ELearning Market Update (March 2008)

This month the Financial Times published a special supplement on online learning and business education. The supplement was headed “Distance learning boosted by downturn.” It seems in all the doom and gloom of the credit crunch that the e-learning market could be a major beneficiary. We have highlighted some of the key messages from the Financial Times research and set out below why we have reason to be optimistic.

Increasing demand for online learning
The FT recently conducted a survey of senior staff from 700 companies. The survey found that companies “prefer online or distance learning not just because it is cheaper ..but in equal measure because it is convenient and flexible.” “It allows more people to study at a time convenient to them and that suits their work pattern.”

Of those surveyed 67% felt their company would use more e-learning in the next three years. The Financial Times noted that “technological advances mean more content can now be delivered online rapidly, flexibly and cheaply.” It seems that the general economic downturn could lead to organisations to explore more online options.

Enhancing the learner experience
The paper interviewed a number of leading business schools about their use of online learning. Professor Holtham of Cass Business School in London argues that there is strong demand from students and that online learning is being developed in ways that enhance the learner experience. This means a combination of online and classroom activities. At Warwick Business School whilst courses are rarely exclusively e-learning they state “online methodologies play an increasingly pivotal part.” In particular the Business School argues that one of the key benefits of e-learning is “the ability to help people apply to the workplace lessons they learn in the classroom.”

Adam Honea, Dean of University of Pheonix, has argued that delivering lectures to students on MP3 players is no longer strange as students are used to downloading music and in fact these forms of learning increase engagement. This is echoed by Huw Morris, Dean of Manchester Metropolitan University who says “we have found that novel technologies massively increase the engagement that students have with what they are learning…With podcasting, we have seen marks go up by 10 per cent on average.”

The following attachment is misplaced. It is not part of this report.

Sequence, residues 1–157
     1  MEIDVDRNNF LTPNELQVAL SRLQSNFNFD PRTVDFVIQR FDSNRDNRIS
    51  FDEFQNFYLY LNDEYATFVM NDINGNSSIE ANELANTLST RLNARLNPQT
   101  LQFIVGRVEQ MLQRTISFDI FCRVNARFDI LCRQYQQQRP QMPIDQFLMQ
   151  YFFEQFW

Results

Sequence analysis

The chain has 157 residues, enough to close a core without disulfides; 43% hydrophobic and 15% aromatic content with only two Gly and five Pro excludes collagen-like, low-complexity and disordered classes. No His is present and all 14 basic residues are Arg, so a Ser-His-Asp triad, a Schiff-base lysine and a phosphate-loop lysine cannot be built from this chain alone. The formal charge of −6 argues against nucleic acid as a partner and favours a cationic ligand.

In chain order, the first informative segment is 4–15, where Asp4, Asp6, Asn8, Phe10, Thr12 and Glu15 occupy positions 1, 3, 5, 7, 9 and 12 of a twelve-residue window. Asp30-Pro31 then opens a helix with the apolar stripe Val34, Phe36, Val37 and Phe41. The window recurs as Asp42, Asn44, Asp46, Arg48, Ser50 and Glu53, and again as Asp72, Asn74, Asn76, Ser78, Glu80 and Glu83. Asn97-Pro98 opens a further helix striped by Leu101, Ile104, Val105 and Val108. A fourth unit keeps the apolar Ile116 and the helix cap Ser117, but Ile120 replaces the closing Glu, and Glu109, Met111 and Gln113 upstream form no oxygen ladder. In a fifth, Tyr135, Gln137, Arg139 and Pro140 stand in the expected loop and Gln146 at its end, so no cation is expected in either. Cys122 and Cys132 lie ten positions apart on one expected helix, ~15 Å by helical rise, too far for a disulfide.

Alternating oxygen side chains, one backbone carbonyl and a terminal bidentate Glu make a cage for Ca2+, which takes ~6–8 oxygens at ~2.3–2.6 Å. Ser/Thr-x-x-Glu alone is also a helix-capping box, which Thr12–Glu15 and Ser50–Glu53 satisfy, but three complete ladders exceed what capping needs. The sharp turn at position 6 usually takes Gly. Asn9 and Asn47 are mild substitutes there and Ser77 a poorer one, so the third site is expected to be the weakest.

Online learning – Developing skills for the 21st century
Universitas 21 Global, the online graduate school, attribute the success of online courses to changes in the style of education with a move away from teacher-centric study to learner-centric study. Interestingly Helen Lange, Dean of Business Programmes, believe that whilst students may miss out on face to face social interaction they develop important global skills on how to manage global relationships and interact online. Students have to deal with different cultures and mentor each other online. These virtual management skills will be increasingly important in the future.

Nigel Banister, CEO of Manchester Business School Worldwide argues that new forms of learning reflect the modern corporate workplace “blending individual research with face to face learning, online collaborative learning and virtual learning technologies.”

The future is collaborative
All of those interviewed predicted growth in collaborative learning using web 2.0 technologies such as wikis, blogs and social networking. Many of the universities already use sites such as Facebook and YouTube for video sharing. At Henley Management School they encourage students to use LinkedIn social networking site. Cranfield School of Management uses YouTube.

The future is not what is was
The developments in technology continue apace and new online learning technologies and applications emerge every year. For example, Judge Business School at Cambridge University now use LiveEcon (live economics) interactive textbooks. Another business school is delivering short 10 minutes guest presentations to students via mobile phone. Adobe have also launched their new product called Air (Adobe Integrated Runtime) which enables students to click on desktop icons to access all their course materials when online or offline.

The next few years could be a pivotal time in e-learning, when due to a combination various factors (cheap new technologies, changing work patterns, web 2.0 developments and increased pressure on costs) we could see a surge in e-learning adoption. It should be an interesting few years.